Jean-Luc Godard, the subject of a film showcase at this year’s Lumière Film Festival in Lyon that includes his latest film, “The Image Work,” remains a hot commodity for Paris-based sales group Wide.
The company, which is attending the fest’s International Classic Film Market with a strong heritage film lineup, recently signed a number of new deals for Godard’s 1962 drama “Vivre sa vie” in major markets in Asia. Wide sold the newly restored 4K version of “Vivre sa vie,” which stars Anna Karina, to Japan’s Zazie Film and Alto Media in South Korea as well as to the China Film Archive.
“We see that the Asian market is really looking into the classics,” said Maxime Montagne, Wide’s head of business affairs and acquisitions, noting that China in particular is looking to put together a catalog of important classics.
The China Film Archive also picked up Wide’s newly-restored 2K edition of Max Ophuls’ 1955 drama “Lola Montes,” starring Martine Carol and Peter Ustinov.
Due in part to continuing celebrations and special events commemorating the civil unrest that rocked France in May 1968 – a momentous occasion that left an indelible mark on the country – Wide is seeing great interest in its recently released restored version of “Mai 68, la Bell Ouvrage,” by Jean-Luc Magneron (father of Wide founder and CEO Loïc Magneron).
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The documentary, which originally screened at Cannes’ 1969 Directors’ Fortnight, has played at a number of events this year marking the 50th anniversary of the turmoil, which was marked by demonstrations, massive strikes by workers and students and the occupation of factories and universities.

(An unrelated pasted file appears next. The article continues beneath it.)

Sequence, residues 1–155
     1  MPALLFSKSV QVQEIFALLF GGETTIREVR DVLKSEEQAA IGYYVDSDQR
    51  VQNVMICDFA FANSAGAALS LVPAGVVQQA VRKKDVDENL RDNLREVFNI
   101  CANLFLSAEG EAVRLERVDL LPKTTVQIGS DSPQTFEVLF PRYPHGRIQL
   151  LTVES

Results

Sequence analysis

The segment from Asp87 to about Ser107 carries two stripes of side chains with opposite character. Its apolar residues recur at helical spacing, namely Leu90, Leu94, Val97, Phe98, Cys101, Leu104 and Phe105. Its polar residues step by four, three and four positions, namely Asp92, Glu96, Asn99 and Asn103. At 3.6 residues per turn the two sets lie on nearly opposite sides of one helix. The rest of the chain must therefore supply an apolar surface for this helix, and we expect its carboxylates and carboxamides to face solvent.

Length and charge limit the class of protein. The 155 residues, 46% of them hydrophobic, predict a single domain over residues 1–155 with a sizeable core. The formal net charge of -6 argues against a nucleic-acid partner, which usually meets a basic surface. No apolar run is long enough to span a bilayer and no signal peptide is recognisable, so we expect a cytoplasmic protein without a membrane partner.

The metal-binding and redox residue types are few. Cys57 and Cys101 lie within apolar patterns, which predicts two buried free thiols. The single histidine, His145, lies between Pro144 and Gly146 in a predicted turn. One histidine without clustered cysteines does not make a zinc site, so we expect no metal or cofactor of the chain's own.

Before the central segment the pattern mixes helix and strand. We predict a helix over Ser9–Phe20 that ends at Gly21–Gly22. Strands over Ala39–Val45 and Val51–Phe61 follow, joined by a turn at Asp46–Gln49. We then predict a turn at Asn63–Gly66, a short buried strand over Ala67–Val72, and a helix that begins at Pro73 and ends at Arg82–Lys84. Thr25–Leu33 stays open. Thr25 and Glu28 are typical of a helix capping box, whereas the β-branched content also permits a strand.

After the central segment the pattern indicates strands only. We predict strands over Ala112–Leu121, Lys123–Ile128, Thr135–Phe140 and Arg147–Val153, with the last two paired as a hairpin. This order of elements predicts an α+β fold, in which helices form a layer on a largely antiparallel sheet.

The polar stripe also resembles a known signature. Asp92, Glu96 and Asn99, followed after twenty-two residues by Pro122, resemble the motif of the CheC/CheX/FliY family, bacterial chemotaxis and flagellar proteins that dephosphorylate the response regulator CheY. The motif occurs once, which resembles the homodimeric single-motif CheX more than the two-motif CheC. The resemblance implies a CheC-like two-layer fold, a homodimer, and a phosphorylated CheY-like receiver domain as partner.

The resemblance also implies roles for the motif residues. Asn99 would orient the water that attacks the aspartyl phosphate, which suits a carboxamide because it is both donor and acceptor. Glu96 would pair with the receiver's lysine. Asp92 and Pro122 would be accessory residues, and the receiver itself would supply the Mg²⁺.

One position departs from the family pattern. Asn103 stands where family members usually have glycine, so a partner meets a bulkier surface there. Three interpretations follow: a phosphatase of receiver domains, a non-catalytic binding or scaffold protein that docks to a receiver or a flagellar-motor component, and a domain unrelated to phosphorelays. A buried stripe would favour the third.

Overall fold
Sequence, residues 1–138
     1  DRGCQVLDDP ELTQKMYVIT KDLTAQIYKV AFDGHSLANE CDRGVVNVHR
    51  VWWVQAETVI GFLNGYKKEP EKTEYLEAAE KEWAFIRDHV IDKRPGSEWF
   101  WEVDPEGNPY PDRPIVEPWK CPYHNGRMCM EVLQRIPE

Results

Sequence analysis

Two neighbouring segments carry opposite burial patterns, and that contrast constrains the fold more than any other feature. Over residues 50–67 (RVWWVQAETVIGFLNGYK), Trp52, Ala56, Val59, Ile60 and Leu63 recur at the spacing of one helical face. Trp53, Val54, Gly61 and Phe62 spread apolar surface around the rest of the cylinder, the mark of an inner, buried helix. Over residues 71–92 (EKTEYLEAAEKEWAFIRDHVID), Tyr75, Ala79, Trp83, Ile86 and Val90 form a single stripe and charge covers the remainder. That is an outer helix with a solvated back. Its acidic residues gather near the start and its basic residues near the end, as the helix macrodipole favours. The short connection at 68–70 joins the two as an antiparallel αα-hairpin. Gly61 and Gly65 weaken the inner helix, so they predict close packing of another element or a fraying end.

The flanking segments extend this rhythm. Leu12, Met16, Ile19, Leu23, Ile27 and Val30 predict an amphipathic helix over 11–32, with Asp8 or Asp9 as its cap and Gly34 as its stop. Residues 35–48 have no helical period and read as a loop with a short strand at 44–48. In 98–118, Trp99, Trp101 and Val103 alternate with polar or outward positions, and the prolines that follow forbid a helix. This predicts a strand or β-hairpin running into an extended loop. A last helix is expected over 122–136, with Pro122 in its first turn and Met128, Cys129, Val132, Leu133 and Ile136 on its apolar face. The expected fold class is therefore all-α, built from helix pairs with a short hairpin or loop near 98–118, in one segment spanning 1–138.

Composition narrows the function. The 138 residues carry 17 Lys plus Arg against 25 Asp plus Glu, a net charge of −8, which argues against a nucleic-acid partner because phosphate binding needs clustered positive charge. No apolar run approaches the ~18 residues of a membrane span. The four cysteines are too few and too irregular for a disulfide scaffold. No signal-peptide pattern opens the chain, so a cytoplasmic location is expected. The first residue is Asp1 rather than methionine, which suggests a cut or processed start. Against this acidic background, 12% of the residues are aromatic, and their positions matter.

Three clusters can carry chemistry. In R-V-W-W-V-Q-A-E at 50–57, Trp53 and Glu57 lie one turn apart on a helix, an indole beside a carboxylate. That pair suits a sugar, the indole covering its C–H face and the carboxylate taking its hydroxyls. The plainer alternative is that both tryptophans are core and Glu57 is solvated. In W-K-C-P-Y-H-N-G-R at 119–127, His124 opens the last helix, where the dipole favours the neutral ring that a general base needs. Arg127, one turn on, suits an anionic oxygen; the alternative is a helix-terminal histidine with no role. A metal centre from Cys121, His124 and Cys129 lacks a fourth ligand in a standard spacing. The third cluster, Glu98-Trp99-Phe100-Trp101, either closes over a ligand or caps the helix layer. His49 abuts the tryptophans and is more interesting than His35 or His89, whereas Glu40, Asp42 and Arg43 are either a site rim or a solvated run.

The film, described by Montagne as “a rare and unique testimony of [the events of] May 1968,” was showcased in April at La Cinémathèque in Paris as part of its 1969 Directors’ Fortnight retrospective.
It also screened at New York’s Metrograph in June as part of the theater’s May ’68: The Struggle Continues series and unspools in November at La Citta Del Cinema in Rome.
Wide’s lineup of restored classic films includes such works as Henry-Georges Clouzot’s “Manon”; Henry Decoin’s “Les Intrigantes”; Maurice Lehmann’s “Fric-Frac” and Jean Renoir’s “La Chienne” in addition to works by Alain Resnais, Claude Lelouch, Francois Reichenbach and Senegalese filmmaker Ousmane Sembene.
In addition to its heritage film business, the leading independent sales company represents more than 20 first-run feature films a year and boasts a library of nearly 1,000 films and documentaries.
Wide has closed a brace of deals for Darko Štante’s hard-hitting Slovenian drama “Consequences,” which screened in Toronto’s Discovery sidebar this year. The film, which stars Matej Zemljic as a troubled teenager, has sold to Epicentre in France, Salzgeber in Germany and Peccadillo in the U.K.
The company recently acquired French thriller “Versus,” François Valla’s feature film debut; and Ecuadorian helmer Gabriela Calvache’s “La Mala Noche” (“The Longest Night”), likewise a first feature, which will screen at this year’s Ventana Sur market in Buenos Aires.
In addition, Wide currently has three films in the running for the best foreign-language Oscar shortlist: Teemu Nikki’s “Euthanizer” for Finland; Gjorce Stavreski’s Macedonian title “Secret Ingredient”; and Blerta Zeqiri’s “The Marriage” for Kosovo.”